BREXIT – many clients have asked how I am going to vote in the Referendum, as you may appreciate there are passionate differences between the Leave and Remain camps, so probably best not to state my own views on this.
David Cameron agreed to a referendum, and also agreed to re-negotiate our terms of Membership in the EU. We were also promised that a full and proper debate on the issues would follow.
Both the Remain and Leave camps have been using scare tactics, but David Cameron and George Osborne have taken this to the extreme, so much so that nobody believes a word they say anymore. When you lose your temper, as Mr Cameron has done on several occasions recently, then surely you have lost the arguement?
Why on earth can’t we simply be told the facts. It would be helpful, as a starting point, to have a chart showing what each Member GDP is and and what they pay to the EU and what they get back in financial support, so we can compare the relative costs of membership .
Most people are of the opinion that the real facts are being withheld from the public at large, particularly on immigration, this has swung the “debate” if you can call it that, firmly in favour of the Leave camp.
The financial impact of leaving has been widely exaggerated, most informed opinion indicates that the long term financial forecast of whether to Remain or Leave are largely neutral but indicate that the immediate financial impact may be negative.
For our private clients we have already prepared Brexit ready portfolios that hopefully will minimise the impact of market volatility.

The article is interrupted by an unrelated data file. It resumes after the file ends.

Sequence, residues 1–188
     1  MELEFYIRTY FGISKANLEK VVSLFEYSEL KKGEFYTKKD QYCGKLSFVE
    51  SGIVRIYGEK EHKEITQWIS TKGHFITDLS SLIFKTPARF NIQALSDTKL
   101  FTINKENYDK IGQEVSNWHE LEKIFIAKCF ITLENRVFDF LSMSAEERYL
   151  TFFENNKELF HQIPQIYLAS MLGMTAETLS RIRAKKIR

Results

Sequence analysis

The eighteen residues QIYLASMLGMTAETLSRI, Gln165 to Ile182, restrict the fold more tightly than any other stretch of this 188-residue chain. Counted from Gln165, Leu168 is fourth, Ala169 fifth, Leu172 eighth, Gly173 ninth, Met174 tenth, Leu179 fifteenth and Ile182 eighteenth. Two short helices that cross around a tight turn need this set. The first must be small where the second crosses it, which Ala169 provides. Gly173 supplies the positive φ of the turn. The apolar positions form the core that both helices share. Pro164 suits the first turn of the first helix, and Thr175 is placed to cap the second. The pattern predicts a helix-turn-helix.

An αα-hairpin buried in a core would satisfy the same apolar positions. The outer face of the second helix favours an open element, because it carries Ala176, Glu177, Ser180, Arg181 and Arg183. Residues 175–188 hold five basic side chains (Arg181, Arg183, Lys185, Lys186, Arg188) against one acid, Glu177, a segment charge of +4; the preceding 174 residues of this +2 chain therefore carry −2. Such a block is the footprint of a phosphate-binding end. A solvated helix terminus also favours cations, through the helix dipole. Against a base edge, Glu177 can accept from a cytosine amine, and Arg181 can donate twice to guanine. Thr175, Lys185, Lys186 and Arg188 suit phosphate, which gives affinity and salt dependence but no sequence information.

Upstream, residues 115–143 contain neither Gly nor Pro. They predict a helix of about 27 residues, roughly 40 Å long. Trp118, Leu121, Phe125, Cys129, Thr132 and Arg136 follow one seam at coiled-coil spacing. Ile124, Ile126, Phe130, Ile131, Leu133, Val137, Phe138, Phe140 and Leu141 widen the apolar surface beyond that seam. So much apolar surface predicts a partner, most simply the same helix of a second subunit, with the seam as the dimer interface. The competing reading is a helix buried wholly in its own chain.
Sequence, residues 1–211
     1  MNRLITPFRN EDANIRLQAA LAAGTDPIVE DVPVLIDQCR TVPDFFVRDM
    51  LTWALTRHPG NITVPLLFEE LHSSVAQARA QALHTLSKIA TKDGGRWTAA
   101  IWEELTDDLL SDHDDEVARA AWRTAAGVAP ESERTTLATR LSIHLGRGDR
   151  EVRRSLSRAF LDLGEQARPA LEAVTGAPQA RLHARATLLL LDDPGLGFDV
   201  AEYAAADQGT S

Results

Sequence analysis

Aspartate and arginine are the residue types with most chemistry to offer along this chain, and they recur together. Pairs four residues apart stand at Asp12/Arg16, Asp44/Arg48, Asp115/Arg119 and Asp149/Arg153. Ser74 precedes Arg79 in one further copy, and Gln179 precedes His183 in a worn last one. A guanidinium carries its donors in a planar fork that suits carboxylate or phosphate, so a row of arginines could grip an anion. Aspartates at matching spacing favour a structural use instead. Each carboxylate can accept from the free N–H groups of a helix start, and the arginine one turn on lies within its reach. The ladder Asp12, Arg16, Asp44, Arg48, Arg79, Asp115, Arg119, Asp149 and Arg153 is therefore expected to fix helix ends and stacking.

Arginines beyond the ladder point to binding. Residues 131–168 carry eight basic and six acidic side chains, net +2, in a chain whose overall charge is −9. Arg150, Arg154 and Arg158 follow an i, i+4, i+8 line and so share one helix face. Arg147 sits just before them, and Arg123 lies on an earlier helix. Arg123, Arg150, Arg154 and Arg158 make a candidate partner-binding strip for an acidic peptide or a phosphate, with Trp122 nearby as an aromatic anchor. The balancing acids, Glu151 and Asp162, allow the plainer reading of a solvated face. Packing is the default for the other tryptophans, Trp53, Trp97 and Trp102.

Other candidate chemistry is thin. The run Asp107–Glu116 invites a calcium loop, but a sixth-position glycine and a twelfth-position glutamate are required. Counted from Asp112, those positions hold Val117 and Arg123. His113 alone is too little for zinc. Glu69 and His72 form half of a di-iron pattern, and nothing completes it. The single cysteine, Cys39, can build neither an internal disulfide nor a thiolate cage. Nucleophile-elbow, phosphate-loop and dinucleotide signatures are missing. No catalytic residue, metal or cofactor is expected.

Centralised control can stifle an economy
The European Union was born out of the very noble aim of never again allowing large-scale war in Europe to be possible, but the consequence of this has been to centralise power in the form of control by bureaucracy. This centralisation of power has meant many regions of Europe have lost the freedom to make their own choices.
The result has meant economic misery in southern Europe, for example. Limited in the policies they can set – especially the setting of their monetary policies –the southern European nations of Portugal, Italy, Greece and Spain have been hamstrung.
Without control of their own currency, they have been thrust into a deflationary depression. We now have 39% youth unemployment of 45% in Spain and 49% in Italy. This has caused widespread and increasing resentment.
The UK is currently thriving relative to the rest of Europe, as we still have the pound and can determine our own fiscal and monetary policies.
Wider implications of Brexit
The Remain and Leave campaigns have focussed on what this all means for the UK. The wider implications, should we leave, are far more important. If the UK did leave the EU, then I feel that several other Member states would follow and this makes the break-up of EU almost inevitable. (If it isn’t already doomed).
Now that would really spook the markets (as if the markets weren’t volatile enough already).
That would be a great shame, an organisation that has such lofty ideals deserves to succeed. However the stifling and autocratic manner in which the unaccountable and un-elected bureaucrats run the EU has gone too far.
The great cover up on immigration will surely cause most people to give great consideration on how to vote.
The next few weeks could usher in a period of considerable uncertainty and volatility, let us hope that whatever decision is made is the right one, both for the UK and Europe. To find out more about Brexit you can download our FREE Brexit booklet – sm68 – BREXIT